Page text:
Compressing pictures and videos always means a trade-off, but Opera Max makes saving on data pretty painless.
There are times when you want — no, you need — to save on data as much as possible. Other times you're fine sucking down the gigabytes just as fast as your operator or ISP can serve them up. And you're the only one who knows what you need when. And there are plenty of ways to save on data. Use airplane mode. Or just turn your phone off. That seems a bit drastic though.
Opera Max is one of those apps that's been around for what seems like forever, and we've yet to really take a look at it. That ends now. And it turns out it's devilishly simple. It's a VPN that tunnels data through its servers, compressing things where it can. That specifically means pictures and video, which make up the bulk of the big stuff your phones and tablets have to tackle.
But compressions always comes with a trade-off. So let's take a look and see if Opera Max is right for a full-time data management solution, or if it's something you'll want to use occasionally.
Setup of Opera Max is simple and nicely done. You get a few screens that explain touts the benefits of Opera Max without really explaining what's going on. "Opera Max saves your data and extends your data plan." Not really — it just keeps the apps you use every day from using as much data because Opera is intercepting and compressing what's coming in. And it's not exactly a new idea — Google's been doing the same thing through Chrome for some time — and anyone who's seen HBO's Silicon Valley should be familiar enough with compression by now. Opera Max goes further, though, acting as a complete VPN for everything that's coming in.
So images and videos will load faster. After spending a few days with Opera Max I don't know that I saw any demonstrable difference in speed, but that's probably because I'm on a fast connection most of the time anyway. If you're on a slower connection, though, you might well see a real difference.
Compressed by Opera Max on the left, and as Instagram intended on the right.
But anyone who knows anything about compression also know that the trade-off for size and speed (the former directly affects the latter) is quality and fidelity. The real question you have to ask yourself is how much you notice, and how much you care. And there were times in which I didn't really notice a different in image quality.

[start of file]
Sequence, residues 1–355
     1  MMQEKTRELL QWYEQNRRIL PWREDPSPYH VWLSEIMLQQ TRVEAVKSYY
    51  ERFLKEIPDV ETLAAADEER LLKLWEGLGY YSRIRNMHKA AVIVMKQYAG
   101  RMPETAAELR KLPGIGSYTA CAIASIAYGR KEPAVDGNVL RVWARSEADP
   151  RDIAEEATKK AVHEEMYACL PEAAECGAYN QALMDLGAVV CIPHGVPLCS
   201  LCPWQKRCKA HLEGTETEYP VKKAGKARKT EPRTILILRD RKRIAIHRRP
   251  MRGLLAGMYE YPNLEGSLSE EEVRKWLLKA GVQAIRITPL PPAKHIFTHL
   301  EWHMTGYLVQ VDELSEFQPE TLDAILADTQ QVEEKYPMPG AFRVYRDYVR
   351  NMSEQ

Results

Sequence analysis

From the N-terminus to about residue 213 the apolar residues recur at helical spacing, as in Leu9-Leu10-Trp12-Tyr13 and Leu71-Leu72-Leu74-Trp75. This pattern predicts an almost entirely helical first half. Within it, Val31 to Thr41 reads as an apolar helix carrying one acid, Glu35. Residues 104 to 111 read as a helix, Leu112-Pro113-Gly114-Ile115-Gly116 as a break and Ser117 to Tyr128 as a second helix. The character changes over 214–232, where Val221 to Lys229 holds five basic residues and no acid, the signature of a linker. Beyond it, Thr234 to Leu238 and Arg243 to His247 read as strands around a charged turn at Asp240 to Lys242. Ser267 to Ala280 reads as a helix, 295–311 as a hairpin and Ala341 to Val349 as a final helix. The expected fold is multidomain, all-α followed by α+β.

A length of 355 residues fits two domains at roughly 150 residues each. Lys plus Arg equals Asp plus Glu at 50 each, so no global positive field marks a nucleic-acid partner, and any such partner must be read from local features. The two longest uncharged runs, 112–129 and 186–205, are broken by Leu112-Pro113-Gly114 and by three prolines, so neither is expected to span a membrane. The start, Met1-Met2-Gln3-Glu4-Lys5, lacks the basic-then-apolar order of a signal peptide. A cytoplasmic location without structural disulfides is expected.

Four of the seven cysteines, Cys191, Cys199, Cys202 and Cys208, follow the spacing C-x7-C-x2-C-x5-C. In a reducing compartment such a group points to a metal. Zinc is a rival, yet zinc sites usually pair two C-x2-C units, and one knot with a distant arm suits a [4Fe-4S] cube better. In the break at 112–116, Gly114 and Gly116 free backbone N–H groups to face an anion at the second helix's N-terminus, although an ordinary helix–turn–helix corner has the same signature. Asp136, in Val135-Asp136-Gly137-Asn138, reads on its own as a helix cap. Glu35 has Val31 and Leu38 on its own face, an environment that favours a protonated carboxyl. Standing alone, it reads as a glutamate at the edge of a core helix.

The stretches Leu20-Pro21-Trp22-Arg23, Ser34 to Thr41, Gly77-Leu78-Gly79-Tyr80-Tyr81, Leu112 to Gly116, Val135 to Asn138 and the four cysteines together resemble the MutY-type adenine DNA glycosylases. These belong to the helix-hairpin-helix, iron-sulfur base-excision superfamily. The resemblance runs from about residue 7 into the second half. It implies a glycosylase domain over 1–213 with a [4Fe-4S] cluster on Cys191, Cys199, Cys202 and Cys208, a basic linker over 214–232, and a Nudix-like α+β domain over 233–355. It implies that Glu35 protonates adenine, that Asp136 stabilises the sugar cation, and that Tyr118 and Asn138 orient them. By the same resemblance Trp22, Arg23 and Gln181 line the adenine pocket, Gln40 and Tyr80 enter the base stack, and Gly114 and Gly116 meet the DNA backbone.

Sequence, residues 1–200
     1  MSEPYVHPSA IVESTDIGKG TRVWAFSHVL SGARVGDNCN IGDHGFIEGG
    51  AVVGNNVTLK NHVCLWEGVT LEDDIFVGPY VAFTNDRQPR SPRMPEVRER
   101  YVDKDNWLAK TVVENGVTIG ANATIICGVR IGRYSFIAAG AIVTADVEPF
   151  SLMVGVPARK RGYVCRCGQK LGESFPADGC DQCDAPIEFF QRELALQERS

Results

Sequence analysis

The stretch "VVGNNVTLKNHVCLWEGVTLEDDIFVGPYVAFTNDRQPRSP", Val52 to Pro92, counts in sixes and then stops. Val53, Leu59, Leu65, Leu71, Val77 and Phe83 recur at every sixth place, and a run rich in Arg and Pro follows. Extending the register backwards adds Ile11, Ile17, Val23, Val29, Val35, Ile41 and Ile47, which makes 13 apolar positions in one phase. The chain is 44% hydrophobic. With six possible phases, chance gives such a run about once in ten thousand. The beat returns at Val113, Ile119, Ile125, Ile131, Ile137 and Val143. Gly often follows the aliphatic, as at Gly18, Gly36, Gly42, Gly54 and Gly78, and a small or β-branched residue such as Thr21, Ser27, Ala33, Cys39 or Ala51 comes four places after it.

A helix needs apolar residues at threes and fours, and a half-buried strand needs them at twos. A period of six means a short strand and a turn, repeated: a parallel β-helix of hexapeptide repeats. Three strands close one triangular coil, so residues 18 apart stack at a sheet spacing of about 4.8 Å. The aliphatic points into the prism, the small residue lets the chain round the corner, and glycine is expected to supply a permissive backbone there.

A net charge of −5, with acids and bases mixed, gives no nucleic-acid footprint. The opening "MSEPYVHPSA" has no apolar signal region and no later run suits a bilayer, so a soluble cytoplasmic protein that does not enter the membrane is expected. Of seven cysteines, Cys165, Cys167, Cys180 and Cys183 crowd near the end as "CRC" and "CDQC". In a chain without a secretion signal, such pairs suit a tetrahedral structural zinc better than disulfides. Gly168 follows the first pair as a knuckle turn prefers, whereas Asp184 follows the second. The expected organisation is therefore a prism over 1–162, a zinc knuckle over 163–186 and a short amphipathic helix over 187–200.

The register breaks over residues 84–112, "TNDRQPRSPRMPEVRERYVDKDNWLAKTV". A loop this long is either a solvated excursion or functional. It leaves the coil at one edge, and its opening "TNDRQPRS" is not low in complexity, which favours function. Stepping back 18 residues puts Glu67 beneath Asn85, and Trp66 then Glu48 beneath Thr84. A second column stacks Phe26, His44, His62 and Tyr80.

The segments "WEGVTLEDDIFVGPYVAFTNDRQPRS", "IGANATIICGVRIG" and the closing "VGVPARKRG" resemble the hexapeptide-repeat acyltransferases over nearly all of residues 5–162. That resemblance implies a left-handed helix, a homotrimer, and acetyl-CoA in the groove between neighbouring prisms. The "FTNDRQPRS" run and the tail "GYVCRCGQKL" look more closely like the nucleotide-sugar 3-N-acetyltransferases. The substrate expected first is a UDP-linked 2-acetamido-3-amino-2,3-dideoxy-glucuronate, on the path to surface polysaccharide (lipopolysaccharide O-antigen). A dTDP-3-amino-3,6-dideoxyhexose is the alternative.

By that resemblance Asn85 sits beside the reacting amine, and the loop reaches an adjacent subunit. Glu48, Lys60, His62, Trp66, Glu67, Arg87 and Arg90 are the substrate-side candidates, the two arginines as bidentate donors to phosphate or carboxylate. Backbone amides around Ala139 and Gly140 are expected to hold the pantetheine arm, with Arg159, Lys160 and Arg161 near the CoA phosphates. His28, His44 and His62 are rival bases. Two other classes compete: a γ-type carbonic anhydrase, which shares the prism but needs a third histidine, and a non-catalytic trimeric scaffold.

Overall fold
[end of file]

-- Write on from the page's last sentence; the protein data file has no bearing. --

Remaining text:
Other times it was readily apparent. More often than not it depended on the source material. If an image wasn't all that high-resolution to begin with, the further degradation (just about everything is compressed at some point anyway) might really stand out. Other times I might not notice at all. And it was hit and miss. Some pictures on Instagram still looked fine. Others stood out like a sore thumb.
But that's where the really cool part comes in. You have some serious control over what Opera Max affects, and what it doesn't.
You can start out by deciding whether you want it to compress mobile data or data over Wifi. (For my money I'd forgo compressing over Wifi, since it's Wifi.)
But then you can drill down even further and control things on an application level. Tap through either the Mobile Data or Wifi menus to see how much data an individual app has pulled in, and how much Opera Max is saving through compression. It goes so far as to show you how much data it's using throughout the day, so it's very detailed. And this is where you also can control whether Opera Max is compressing data for a specific app only on mobile data, or Wifi, or at all. You also can see usage on a monthly basis.
While you might not use Opera Max 24/7, there are times when it can definitely come in handy.
It's worth taking a spin through the settings, too, as this is where you can control notifications, and just how much compression you want the app to employ (High, medium, low or none.) And that's applicable separate for mobile data and Wifi data. It's also worth reading through Opera's FAQ on the app, if only to find out that data sent over HTTPS won't be compressed, for obvious reasons (secure data is secure), and that IPv6 on Android 4.4 is a no-go, too.
So my bottom line on Opera Max is this: If you're looking for a way to conserve date while still actually using your phone, this is an app to try out. I wouldn't use it every day, at least in my normal everyday life. And I for sure wouldn't bother with it on Wifi. For where it might really make sense for me is when I'm overseas and the amount of data I use directly relates to the amount of money I'm going to pony up. And it makes sense for the markets in which high data limits aren't the norm — and there are a a lot of those markets out there.